The him/her dichotomy is not a terribly difficult concept. Mavis has been around for 67 years. She has given birth on seven separate occasions. One would hope that by now she would have at least a rudimentary grasp on the difference between male and female. There are boy cats, there are girl cats. This one is a girl cat.

I refuse to believe that I'm merely being petty about this issue. I'm just concerned with linguistic precision. Is it such a bad thing for me to desire clear communication?

While I was playing out this dialogue in my head the cat dipped her head into my coffee cup and lapped up the remaining half-inch of coffee in the cup. For the remainder of the evening she raced around the house, assaulting our houseguests and breaking anything fragile that came into her path. One vase was broken and she made my left pinky toe bleed.

Meanwhile, the feminine pronoun issue was left unresolved. Mavis had to leave early and I was busy chasing the cat with a blowgun and tranquilizer darts. Maybe another time. Maybe Mavis is a visual learner. I'll have diagrams and charts ready next time she visits.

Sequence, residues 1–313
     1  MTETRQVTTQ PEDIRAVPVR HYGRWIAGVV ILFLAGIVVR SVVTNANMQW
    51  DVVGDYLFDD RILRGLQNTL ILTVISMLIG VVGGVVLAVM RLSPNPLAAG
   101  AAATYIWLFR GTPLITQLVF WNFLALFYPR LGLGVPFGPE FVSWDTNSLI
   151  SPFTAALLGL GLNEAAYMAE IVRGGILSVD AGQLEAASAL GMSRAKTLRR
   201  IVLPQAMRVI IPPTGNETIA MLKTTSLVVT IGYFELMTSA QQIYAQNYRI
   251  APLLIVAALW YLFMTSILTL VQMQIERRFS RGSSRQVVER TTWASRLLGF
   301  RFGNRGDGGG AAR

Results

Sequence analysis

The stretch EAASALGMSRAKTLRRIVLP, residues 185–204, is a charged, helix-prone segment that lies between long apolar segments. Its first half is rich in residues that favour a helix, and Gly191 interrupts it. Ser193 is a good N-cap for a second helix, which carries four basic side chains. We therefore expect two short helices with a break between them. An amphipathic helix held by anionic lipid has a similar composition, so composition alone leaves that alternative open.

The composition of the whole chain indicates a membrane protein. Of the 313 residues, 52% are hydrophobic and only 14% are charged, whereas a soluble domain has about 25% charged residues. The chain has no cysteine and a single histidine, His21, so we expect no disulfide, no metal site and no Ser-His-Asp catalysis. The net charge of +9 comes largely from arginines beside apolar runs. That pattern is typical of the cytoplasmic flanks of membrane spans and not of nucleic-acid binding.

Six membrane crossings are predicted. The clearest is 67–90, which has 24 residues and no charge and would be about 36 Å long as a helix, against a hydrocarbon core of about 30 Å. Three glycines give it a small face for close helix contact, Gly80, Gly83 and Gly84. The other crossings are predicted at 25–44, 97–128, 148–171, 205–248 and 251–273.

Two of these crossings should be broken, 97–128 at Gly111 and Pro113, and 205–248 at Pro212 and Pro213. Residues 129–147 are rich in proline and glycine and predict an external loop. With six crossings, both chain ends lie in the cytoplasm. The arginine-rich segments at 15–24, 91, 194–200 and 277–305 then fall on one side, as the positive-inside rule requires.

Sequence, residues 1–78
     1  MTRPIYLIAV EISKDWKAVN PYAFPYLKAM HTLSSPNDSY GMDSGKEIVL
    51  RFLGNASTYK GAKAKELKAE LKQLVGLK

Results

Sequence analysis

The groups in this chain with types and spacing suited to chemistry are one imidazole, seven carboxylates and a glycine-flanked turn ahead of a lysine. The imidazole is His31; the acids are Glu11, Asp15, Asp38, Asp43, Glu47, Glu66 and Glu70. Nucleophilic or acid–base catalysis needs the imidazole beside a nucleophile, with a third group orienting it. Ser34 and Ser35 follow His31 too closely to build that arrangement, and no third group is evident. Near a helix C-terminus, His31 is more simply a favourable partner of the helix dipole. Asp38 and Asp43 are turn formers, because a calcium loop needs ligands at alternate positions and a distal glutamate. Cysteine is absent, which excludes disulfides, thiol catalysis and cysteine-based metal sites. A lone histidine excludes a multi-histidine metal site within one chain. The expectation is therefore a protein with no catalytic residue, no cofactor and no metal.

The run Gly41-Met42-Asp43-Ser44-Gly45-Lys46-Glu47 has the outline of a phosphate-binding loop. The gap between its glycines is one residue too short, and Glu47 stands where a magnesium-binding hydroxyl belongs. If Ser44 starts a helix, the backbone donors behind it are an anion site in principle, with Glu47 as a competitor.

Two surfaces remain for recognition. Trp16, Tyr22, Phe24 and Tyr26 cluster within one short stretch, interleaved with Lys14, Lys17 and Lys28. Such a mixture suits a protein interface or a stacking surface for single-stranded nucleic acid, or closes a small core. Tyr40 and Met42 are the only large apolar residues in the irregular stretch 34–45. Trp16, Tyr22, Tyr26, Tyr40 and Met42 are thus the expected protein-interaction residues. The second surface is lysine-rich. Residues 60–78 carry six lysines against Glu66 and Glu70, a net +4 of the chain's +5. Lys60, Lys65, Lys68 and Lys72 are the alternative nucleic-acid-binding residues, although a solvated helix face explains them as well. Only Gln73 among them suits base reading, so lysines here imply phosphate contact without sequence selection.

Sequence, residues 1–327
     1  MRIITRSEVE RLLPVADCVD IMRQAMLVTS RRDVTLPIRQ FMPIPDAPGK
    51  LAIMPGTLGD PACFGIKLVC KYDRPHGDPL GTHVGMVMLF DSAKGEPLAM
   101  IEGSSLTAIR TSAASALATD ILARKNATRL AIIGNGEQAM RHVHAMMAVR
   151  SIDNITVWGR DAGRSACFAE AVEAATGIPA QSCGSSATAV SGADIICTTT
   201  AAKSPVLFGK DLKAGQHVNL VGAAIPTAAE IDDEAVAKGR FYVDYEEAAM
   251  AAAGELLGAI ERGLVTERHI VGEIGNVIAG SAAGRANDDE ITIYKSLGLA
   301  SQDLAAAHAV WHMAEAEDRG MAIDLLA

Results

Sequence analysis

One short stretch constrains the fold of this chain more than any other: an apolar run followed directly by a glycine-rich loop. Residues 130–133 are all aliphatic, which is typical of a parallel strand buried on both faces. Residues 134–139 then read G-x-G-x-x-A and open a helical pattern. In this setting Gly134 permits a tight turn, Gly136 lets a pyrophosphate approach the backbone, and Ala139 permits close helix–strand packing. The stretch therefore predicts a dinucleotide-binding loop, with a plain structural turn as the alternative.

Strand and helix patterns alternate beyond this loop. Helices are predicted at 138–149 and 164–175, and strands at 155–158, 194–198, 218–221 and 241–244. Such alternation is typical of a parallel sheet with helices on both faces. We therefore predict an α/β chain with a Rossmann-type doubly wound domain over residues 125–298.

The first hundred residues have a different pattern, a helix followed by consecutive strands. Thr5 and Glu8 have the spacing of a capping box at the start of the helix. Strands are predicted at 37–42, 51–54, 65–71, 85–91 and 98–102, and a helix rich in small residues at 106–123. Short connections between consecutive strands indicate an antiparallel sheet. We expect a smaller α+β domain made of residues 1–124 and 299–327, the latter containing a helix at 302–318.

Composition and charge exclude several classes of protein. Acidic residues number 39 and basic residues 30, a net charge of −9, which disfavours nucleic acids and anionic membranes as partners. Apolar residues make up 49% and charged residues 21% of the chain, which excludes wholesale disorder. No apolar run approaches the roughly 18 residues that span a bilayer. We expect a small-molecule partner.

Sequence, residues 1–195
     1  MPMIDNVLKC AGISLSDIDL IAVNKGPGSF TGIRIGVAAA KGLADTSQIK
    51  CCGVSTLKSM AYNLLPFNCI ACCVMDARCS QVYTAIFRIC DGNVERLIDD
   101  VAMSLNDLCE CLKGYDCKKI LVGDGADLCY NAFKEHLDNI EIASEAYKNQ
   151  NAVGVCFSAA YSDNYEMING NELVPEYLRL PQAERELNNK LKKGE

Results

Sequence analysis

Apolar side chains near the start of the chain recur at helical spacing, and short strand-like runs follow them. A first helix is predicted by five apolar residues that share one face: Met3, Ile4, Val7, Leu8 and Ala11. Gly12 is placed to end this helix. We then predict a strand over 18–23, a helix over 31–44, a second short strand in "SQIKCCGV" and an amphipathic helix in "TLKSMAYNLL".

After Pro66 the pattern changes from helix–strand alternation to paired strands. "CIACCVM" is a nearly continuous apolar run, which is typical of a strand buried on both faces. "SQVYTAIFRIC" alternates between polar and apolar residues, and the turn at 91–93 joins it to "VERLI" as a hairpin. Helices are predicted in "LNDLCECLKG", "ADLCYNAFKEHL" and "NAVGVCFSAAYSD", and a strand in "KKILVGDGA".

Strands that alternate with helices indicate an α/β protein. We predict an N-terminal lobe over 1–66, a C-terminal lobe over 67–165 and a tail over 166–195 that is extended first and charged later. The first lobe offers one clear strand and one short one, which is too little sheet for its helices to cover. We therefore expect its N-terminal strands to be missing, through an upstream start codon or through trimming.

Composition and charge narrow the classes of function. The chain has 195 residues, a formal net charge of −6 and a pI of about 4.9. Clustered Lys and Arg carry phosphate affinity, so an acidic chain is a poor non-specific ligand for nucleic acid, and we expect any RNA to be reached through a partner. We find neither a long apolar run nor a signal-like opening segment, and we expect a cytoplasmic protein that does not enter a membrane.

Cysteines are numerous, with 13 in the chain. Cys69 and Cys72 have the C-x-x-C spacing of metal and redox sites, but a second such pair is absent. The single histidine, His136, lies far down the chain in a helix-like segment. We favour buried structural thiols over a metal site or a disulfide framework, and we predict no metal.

Posted by jonsligh at 11:08 AM | Comments (7)

July 09, 2006

coffee within my reach

So I made myself a cup of coffee at midnight. Yes, midnight on a Saturday night. I'm still going to church tomorrow morning, so stop wondering.

My fingers type frenziedly, clicking away with sharp staccato jabs. Eventually as the buzz from the caffeine wears off, I'll move into a more legato typing style, but I'll still be jumpy. Sleep deprivation, caffeine OD, and psychological jitteriness tend to deprive one's writing of coherence.

I'm a late-nighter. I woke at 8 this morning to go running, so in theory I should be tired by now. But I can't sleep. So I'm going to drink coffee and maybe watch a movie or go running again.

I once had a fellow late-nighter friend who had a notecard on the wall above his bed, on which he had scribbled "Rage, rage against the dying of the light." He said he didn't like to go to bed because he finished each day without getting enough done. Whatever it was he was looking for in life, it was still out of reach. Another day had passed, and the carrot was still dangling.